This will take you to the NC Legislature - find your county and your senators and reps will be listed. TELL THEM YOU WANT A LAW THAT WILL PROHIBIT THE RUNNING OF PUPPY MILLS IN NORTH CAROLINA!! I live in Guilford County and yesterday, I emailed Senators Don Davis and David Rowzer of Wayne County (where this puppy mill was operating) and copied all my representatives from Guilford County requesting that they all work together to create a law to prohibit these terrible puppy mills.

  • icdumbpeople Feb 11, 2009

    Some of the best animals are the weak sick ones that have been abused and you take them in. No matter if it is a dog or horse. They would be by your side thick and thin!

  • SalemWWX Feb 11, 2009

    I have no problem with these people being charged, or with the authorities seizing the animals. But what I am concerned with is having one without the other? If there is sufficient evidence against her that authorities are siezing her property, why are there no charges? And if there are to be no charges, wouldn't the law demand that her property be returned? Frankly I hope there are charges and the dogs end up in good homes, but the other part of this seems a little out of whack....

  • sayitoutloud Feb 11, 2009

    From what I read on Craigslist; its believed that her daughter or daughter-in-law is also in the "puppy breeding" business and her place looks like hers. I think the SPCA needs to get over there quick.

  • kimmyrn6 Feb 11, 2009

    One more thing, "personal tragedies" are no excuse for animal neglect! I have had my share of personal tragedies recently and never have I thought it was OK to neglect and abuse my animals because I had a bad day. In fact, my animals bring me up after those bad days. Animals love pretty much unconditionally, people, not so much...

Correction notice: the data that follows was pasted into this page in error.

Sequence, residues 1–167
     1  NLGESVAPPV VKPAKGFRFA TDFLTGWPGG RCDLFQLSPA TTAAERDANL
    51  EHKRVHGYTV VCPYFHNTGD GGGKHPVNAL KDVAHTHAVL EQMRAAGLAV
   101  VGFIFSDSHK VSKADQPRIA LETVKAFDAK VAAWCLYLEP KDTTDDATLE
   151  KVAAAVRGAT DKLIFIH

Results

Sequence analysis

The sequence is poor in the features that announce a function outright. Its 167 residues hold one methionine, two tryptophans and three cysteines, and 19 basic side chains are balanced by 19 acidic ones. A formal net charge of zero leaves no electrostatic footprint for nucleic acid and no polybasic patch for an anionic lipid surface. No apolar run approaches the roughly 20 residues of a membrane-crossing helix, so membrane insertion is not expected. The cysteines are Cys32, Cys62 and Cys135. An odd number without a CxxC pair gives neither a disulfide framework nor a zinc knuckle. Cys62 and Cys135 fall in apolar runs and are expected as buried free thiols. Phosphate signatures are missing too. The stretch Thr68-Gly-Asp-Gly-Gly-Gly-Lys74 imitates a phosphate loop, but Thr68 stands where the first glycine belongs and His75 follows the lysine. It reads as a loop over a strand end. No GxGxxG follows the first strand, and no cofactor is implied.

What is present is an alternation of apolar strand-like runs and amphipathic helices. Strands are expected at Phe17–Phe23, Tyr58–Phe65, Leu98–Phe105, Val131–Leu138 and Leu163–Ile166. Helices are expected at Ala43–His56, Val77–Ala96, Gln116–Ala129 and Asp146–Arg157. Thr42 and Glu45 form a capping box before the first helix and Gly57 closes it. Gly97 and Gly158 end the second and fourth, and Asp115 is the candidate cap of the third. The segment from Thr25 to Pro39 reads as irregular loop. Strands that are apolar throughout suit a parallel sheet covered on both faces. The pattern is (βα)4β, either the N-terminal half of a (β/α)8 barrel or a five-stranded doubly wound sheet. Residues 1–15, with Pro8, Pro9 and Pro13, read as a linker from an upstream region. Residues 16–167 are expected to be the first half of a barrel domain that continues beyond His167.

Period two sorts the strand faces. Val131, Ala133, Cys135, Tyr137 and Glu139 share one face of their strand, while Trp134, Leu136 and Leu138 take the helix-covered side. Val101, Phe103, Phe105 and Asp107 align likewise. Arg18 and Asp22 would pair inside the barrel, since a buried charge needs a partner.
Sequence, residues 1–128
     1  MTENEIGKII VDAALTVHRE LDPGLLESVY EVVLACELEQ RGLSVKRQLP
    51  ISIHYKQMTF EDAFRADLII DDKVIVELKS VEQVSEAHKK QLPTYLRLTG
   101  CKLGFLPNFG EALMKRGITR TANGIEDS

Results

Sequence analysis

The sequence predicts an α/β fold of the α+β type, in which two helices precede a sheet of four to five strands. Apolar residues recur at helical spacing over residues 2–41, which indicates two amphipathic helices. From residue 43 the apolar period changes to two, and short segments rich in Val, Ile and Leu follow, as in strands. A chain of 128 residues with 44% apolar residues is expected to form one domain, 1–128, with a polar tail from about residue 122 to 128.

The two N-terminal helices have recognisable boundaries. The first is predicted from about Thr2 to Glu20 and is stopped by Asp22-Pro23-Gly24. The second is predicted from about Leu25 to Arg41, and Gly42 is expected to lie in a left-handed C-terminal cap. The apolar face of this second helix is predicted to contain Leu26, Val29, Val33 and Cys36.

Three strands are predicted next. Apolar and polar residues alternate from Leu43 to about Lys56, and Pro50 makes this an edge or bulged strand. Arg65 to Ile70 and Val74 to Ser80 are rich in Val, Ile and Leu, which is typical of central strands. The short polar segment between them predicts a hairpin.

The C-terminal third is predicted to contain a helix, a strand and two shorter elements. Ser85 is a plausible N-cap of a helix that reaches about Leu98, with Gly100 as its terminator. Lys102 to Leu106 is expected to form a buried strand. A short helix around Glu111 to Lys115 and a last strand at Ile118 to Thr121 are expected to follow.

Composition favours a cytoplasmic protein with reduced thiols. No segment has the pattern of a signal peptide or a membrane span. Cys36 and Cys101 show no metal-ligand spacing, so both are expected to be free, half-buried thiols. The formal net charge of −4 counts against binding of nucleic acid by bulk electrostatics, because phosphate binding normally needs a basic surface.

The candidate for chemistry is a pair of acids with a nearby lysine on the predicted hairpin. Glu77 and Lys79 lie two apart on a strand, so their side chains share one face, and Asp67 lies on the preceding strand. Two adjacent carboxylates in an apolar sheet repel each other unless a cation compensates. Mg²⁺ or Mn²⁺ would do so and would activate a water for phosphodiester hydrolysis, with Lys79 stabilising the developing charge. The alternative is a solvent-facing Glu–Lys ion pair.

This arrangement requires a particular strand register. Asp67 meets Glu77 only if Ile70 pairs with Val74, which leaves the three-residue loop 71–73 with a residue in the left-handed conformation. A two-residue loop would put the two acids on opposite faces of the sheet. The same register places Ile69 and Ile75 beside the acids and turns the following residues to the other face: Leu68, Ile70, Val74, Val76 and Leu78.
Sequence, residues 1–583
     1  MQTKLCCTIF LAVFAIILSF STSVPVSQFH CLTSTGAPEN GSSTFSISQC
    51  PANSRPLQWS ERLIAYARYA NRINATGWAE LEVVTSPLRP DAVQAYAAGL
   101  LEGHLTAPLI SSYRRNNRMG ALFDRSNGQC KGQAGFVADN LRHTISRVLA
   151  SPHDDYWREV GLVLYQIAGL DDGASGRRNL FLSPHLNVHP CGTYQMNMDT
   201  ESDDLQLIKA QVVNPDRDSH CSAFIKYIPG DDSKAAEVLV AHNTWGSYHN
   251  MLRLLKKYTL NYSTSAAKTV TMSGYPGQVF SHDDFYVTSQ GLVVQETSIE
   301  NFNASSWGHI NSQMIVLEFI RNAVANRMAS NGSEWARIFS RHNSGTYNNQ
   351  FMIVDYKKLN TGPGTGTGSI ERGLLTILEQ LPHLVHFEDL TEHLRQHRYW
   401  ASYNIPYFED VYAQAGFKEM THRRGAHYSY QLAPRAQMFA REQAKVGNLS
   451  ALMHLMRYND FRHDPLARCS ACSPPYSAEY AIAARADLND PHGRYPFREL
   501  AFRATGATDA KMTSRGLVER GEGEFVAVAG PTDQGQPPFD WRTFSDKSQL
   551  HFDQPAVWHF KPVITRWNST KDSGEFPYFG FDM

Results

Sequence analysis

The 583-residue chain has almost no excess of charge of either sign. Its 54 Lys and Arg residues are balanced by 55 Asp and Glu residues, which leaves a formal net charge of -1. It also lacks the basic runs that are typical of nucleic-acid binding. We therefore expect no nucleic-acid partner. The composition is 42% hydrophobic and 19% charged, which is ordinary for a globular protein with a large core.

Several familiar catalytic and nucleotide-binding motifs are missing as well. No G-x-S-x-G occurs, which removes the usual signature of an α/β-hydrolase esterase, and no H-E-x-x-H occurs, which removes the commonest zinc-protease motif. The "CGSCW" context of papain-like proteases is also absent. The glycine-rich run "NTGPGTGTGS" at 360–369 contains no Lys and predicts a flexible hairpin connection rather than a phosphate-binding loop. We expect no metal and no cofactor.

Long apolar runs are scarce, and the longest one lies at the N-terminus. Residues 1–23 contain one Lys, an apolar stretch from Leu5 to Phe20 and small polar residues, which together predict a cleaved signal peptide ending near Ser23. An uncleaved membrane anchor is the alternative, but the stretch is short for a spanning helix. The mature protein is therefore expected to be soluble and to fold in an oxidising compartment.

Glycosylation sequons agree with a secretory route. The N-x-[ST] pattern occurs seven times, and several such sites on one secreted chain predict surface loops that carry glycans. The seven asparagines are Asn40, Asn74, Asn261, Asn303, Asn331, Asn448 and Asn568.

• kimmyrn6 Feb 11, 2009

    Bottom line, fundraising money or not, these dogs have the chance for a new life! Wayne County animal control and all affiliated should be praised for their perseverance. And whoever said that the dogs look sickly and should be put down, SHAME ON YOU!! Let me find you looking sickly and instead of TLC and chicken noodle soup, we'll put you down!!

  • whatever02 Feb 11, 2009

    "These dogs look sickly and should be put to death so they will no longer suffer. Dr. Dataclerk"

    I found a blind lab mix who was "sickly". Someone had put hom out in the middle of a field in late June with no water and no food. He was covered in fleas and ticks (I pulled them off of him for an hour). He was so weak from malnutrition that he couldn't stand up - his knees would buckle like a baby horse. That was almost 9 years ago and he is now and has been for 9 years fat and hapopy. That was my "sickly" experience and it's been a great one - There will never be another George. He is still blind and has been on medication for seizures for a couple of years now but he has 2 furry brothers he plays with, he plays fetch, he is amazing (as long as you don't move the furniture :).

  • amyrn Feb 11, 2009

    THe video was pitiful. It is somewhat difficult to housebreak a dog that has been kept in a cage or in a dog shelter/pound. Dogs are born programmed with the desire NOT to defecate/urinate in the area in which they eat or where they sleep. These dogs know only that! I rescued two dogs from the Wayne County Shelter and both of these were almost impossible to housetrain. They now live in a fenced in yard with dog houses and do fine outside (they are a beagle and a jack/beagle mix. However, I have a mini schnauzer and a chocolate lab that came from private homes and both were super easy to housebreak.
    So, it will take a while to kept these dogs accustomed to not eating and soiling in the same area. Whereas with most dogs, crate training is pretty easy, it won't be as easy with these. By the way, I am not a big fan of the Humane Society either. I think they are more into publicity and moneymaking than rescue and rehab.